A clinical modelling conversation...
thomas.beale at openehr.org
Thu Aug 16 07:41:19 EDT 2018
A few thoughts come to mind:
* sets of archetypes could potentially be developed closer to
completion by the grass-roots level, before submission to CKM, which
would reduce editorial time, if better guidelines on development
rules, patterns, etc i.e. the fabled handbook existed
o consider a set such as for ante-natal care + birth + post-natal
(6 weeks) - there might be 50 archetypes implicated here, with
(we hope) at least half being generic (e.g. lab tests used in
pregnancy are mostly not unique to pregnancy) - there is a lot
of work here.
* It might be a better approach if development teams were to try to
develop whole packages to a reasonable level, rather than just
submitting single archetypes and wait for results of review
o whole package generally would be based on some process, care
pathway etc, not just a data-oriented view. E.g. pregnancy;
chemo+ monitoring; etc
* if the fabled handbook of patterns and criteria for good archetypes
existed, more editors could be trained.
* is there any reason not to have just more people on the editorial
group, e.g. 10?
* is it time to agree a set of major clinical sub-specialties (< 20)
and designate an owner for each one (i.e. an editor; some editors
could own more than one area)?
* we possibly need to distinguish two layers of archetypes, which
would potentially change how editorial work is done:
o generic all-of-medicine archetypes:
+ vital signs
+ many signs and symptoms
+ a reasonable number of labs
+ general purpose assessment / evaluations, i.e. Dx, problem
description etc, many things like lifestyle, substance use
+ ?all of the persistent managed list types: medications,
allergies, problem list, family history, social situation,
o the specialties, for each:
+ specific signs and symptoms
+ specific physical exam
+ specific labs
+ specific plans
o more than one relationship between specialty archetypes and
generic ones is possible, e.g. some are just new; some are
formal specialisations in the ADL sense.
My guess is there is a number of issues to consider. Whether any of the
above are the main ones I don't know.
On 03/07/2018 08:41, Heather Leslie wrote:
> Dear Colleagues,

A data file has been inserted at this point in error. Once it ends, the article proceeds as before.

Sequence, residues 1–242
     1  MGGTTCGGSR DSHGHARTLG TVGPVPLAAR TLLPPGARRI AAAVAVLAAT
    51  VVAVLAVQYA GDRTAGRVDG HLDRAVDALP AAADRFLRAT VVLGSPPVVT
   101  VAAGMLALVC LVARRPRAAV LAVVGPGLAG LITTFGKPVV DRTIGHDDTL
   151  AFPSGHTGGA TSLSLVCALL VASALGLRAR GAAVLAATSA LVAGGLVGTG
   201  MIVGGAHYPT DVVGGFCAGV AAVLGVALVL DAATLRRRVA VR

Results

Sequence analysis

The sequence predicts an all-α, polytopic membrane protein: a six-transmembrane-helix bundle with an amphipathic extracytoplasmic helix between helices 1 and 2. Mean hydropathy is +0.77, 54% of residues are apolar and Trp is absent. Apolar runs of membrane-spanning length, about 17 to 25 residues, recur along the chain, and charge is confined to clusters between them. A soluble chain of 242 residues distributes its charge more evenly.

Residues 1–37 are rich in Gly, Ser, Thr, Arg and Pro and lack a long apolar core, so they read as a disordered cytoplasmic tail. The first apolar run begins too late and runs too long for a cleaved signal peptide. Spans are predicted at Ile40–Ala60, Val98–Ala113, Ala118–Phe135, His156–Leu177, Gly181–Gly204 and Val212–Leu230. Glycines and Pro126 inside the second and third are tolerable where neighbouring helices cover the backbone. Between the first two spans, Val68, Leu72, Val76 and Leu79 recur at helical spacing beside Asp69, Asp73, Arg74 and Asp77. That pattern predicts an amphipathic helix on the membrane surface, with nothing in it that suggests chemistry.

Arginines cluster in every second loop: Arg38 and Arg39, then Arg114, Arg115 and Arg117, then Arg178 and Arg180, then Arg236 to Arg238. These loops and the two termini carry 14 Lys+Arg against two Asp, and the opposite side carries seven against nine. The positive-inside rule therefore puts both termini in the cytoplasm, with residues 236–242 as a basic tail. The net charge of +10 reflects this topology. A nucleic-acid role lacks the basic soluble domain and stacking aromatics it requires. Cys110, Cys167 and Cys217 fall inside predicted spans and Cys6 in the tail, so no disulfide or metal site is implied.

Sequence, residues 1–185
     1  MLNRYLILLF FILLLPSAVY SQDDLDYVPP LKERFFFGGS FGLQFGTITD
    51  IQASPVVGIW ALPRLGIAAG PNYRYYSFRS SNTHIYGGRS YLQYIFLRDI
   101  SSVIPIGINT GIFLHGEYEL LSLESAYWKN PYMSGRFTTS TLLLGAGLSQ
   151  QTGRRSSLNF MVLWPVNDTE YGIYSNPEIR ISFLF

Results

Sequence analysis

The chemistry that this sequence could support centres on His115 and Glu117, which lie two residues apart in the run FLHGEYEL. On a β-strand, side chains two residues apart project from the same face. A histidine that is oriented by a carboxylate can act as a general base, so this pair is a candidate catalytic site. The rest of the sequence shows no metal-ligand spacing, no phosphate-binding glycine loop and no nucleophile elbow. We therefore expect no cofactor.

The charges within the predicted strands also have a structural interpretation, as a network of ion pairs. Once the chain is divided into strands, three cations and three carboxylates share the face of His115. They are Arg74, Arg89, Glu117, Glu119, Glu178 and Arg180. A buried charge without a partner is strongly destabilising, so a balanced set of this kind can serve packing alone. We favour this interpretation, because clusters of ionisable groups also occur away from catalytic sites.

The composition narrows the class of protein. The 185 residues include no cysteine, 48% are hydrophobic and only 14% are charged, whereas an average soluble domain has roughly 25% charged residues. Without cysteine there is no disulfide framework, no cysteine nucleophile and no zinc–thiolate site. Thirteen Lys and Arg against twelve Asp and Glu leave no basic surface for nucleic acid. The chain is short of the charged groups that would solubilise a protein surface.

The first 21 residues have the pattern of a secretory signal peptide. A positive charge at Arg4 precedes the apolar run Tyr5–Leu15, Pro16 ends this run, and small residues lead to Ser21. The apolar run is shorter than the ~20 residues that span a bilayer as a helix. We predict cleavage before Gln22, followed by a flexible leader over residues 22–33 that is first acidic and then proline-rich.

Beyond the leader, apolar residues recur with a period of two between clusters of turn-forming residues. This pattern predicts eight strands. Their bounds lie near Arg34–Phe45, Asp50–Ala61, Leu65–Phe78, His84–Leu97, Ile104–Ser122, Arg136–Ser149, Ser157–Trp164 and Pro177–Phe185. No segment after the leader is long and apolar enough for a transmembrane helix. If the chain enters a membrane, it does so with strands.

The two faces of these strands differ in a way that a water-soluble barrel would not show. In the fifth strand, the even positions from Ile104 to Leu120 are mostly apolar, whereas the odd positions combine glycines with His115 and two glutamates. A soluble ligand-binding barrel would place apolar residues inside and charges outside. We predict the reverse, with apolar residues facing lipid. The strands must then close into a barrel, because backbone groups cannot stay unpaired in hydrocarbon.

> This email is jointly sent by the openEHR Clinical Knowledge
> Administrators, Silje and Heather.
> Following recent email threads, we would like to establish some common
> understanding and expectations about the current clinical modelling
> effort and effect that we hope might stimulate a constructive and
> innovative conversation within the openEHR community about moving the
> clinical modelling work forward.
> Let’s say that publication of a typical archetype takes four review
> rounds. Each review round runs for 2 weeks. If we had dedicated
> Editors who can turn those archetype reviews around immediately then
> we can take a draft archetype and publish it 8 weeks later. The
> reality is that there will be some lag times so the reality might be
> closer to 10 or 12 weeks, but we’re not talking 6 months or years.
> Let’s also say that the typical Editorial time for each review round
> is 3 hours – an hour for an Editor to do the editing and one hour each
> for two Editors to facilitate the comments. So let’s add in one hour
> preparing an archetype for a review round and we have a total of 13
> hours editorial time per archetype. Simpler archetypes and well-known
> scales or scores can be published in one or two review rounds. More
> complex ones like the adverse reaction archetype has taken tens of
> hours, possibly closer to a hundred, but worth the effort to get it
> right because of its importance in clinical safety. However we’re not
> talking unsustainable hours per archetype to get the majority published.